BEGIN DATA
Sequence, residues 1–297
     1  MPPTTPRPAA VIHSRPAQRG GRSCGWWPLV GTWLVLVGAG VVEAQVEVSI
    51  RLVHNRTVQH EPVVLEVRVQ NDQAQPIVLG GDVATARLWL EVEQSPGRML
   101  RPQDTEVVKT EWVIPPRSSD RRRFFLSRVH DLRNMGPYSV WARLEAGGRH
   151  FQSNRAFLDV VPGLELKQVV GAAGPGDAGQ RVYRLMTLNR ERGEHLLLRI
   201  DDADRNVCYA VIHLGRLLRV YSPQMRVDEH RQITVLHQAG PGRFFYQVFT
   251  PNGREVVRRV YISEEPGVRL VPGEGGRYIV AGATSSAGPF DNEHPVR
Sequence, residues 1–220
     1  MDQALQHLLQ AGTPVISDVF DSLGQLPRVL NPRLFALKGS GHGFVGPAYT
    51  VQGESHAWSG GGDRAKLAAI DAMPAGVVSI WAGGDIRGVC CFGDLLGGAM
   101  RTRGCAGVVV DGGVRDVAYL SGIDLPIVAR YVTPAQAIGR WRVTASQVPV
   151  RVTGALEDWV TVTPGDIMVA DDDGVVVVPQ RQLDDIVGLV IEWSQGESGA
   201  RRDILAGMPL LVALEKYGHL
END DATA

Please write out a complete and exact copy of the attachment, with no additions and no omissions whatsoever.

Sequence, residues 1–297
     1  MPPTTPRPAA VIHSRPAQRG GRSCGWWPLV GTWLVLVGAG VVEAQVEVSI
    51  RLVHNRTVQH EPVVLEVRVQ NDQAQPIVLG GDVATARLWL EVEQSPGRML
   101  RPQDTEVVKT EWVIPPRSSD RRRFFLSRVH DLRNMGPYSV WARLEAGGRH
   151  FQSNRAFLDV VPGLELKQVV GAAGPGDAGQ RVYRLMTLNR ERGEHLLLRI
   201  DDADRNVCYA VIHLGRLLRV YSPQMRVDEH RQITVLHQAG PGRFFYQVFT
   251  PNGREVVRRV YISEEPGVRL VPGEGGRYIV AGATSSAGPF DNEHPVR
Sequence, residues 1–220
     1  MDQALQHLLQ AGTPVISDVF DSLGQLPRVL NPRLFALKGS GHGFVGPAYT
    51  VQGESHAWSG GGDRAKLAAI DAMPAGVVSI WAGGDIRGVC CFGDLLGGAM
   101  RTRGCAGVVV DGGVRDVAYL SGIDLPIVAR YVTPAQAIGR WRVTASQVPV
   151  RVTGALEDWV TVTPGDIMVA DDDGVVVVPQ RQLDDIVGLV IEWSQGESGA
   201  RRDILAGMPL LVALEKYGHL